In the last week or so, Chiang Mai and the north of Thailand have been experiencing the usual hazy weather they get at this time of the year. The haze and smog in Chiang Mai is nowhere near as bad as it was last year, but it is still enough of a problem for the king of Thailand to voice his concern. King Bhumibol has asked for daily reports to be sent to the Royal Household Bureau. If the situation doesn’t improve the king may order artificial rain-making.
Royal Rainmaking Project
Early in his reign, King Bhumibol became interested in artificial rain-making. His Majesty travelled to the most remote parts of Thailand and witnessed at first-hand the problems farmers face with drought conditions. The Thai king invested his own private funds into a project to research cloud-seeding techniques and artificial rain-making. King Bhumibol’s interest and expertise in artificial rain-making has been internationally acclaimed and the Bureau of Royal Rainmaking and Agricultural Aviation is viewed as a leading light in this field.
Haze in Chiang Mai
From my own personal experience of living in Chiang Mai, the haze this year is no surprise because it happens every year as the hot season kicks in and farmers continue to use slash and burn techniques. From the city it’s quite easy to gauge how bad the haze is on a daily basis by just seeing how clear the view is of Doi Suthep, the mountain which forms the backdrop to Chiang Mai city. As I write this, the mountain is a bit of a murky outline, but is still visible and the haze certainly hasn’t descended as low as it did last year.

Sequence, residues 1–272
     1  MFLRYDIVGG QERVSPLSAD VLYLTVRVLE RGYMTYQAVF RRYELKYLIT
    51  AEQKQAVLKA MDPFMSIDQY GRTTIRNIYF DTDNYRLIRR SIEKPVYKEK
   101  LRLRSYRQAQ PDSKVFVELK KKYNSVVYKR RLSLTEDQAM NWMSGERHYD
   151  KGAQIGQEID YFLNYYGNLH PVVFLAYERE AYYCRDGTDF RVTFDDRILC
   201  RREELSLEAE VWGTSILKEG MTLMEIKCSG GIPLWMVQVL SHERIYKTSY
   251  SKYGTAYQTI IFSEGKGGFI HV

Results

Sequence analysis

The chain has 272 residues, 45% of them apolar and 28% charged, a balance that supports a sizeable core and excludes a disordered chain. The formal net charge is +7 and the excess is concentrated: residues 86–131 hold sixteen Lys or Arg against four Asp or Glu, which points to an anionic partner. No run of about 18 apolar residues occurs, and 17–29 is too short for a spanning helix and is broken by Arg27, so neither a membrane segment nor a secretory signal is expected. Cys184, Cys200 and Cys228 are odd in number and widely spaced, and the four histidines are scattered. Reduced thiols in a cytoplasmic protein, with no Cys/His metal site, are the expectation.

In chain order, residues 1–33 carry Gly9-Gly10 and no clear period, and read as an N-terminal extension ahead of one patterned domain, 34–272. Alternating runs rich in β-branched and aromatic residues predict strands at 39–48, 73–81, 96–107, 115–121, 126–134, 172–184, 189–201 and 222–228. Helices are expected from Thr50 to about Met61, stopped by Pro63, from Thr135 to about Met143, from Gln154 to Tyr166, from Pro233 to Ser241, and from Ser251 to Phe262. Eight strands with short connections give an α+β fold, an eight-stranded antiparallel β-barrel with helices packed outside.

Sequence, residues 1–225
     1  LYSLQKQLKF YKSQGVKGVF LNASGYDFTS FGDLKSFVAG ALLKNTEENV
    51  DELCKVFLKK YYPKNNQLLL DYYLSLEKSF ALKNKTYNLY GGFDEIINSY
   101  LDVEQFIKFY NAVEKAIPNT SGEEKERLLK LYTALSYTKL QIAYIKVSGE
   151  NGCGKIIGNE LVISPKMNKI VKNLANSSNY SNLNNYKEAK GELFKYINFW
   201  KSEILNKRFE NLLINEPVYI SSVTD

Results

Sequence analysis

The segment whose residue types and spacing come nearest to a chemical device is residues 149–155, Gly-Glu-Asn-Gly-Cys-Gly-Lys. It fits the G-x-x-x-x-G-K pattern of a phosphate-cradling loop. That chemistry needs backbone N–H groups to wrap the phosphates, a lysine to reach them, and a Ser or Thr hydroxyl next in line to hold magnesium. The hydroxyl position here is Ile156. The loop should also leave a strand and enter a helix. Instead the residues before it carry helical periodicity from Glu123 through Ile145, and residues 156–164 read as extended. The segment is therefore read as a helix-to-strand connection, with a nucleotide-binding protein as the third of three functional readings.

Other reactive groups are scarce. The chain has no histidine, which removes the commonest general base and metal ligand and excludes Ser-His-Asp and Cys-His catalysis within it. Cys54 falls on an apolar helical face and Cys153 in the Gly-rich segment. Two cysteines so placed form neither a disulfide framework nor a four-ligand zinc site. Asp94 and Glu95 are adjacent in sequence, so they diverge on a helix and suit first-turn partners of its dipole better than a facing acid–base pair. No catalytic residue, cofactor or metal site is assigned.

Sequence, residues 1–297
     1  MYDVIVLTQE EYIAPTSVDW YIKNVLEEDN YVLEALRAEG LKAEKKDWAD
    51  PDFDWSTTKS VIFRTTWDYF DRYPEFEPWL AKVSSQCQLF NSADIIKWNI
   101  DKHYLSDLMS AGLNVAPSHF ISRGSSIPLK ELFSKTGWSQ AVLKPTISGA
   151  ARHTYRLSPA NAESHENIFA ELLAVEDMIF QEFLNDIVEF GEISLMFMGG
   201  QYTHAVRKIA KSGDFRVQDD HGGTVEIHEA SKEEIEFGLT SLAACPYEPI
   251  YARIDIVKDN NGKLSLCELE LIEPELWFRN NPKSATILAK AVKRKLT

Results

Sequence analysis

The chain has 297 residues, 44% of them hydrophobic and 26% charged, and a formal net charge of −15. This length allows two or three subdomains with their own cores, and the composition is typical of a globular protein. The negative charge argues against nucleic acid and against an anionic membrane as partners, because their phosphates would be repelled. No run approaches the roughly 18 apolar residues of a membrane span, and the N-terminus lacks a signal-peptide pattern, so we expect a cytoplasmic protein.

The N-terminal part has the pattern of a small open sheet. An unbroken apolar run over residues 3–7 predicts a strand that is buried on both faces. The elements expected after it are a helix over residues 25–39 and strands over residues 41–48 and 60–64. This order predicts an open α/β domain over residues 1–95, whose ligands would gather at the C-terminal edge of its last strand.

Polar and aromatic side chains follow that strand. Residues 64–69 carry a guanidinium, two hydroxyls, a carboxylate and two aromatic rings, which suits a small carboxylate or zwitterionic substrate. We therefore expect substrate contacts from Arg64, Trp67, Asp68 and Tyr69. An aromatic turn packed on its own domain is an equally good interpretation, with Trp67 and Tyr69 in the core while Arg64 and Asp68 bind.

I visited Wat Phra That Doi Suthep on Monday with family who are visiting from the United Kingdom and our enjoyment wasn’t affected by the haze, although the view of the city from the temple grounds wasn’t too clear.
Mae Hong Worst Affected by Smog
Official figures show that current haze and smog levels are at their highest in Mae Hong Son. If you are flying to Mae Hong Son, be advised that your flights may be subject to delay or even cancellation. Levels in Mae Hong Son are also high enough to cause possible problems for people with respiratory illnesses.
Chiang Rai Haze
Chiang Rai ranks as the second most affected province. I am planning a visit to the city of Chiang Rai this weekend, so I will write an update on conditions there when I come back.
The weather in Chiang Rai was hot and sunny but there was haze around which obscured the normally clear views of the surrounding mountains. That said, it didn’t detract from the enjoyment of the visit. Since I left Chiang Rai on Sunday, rain has helped to clear the air just as it has done in neighbouring Chiang Mai province.
If you are planning a visit to the north of Thailand, don’t be put off by reports of haze. Yes, there has been plenty of haze around in recent weeks, but current conditions are excellent in terms of air quality.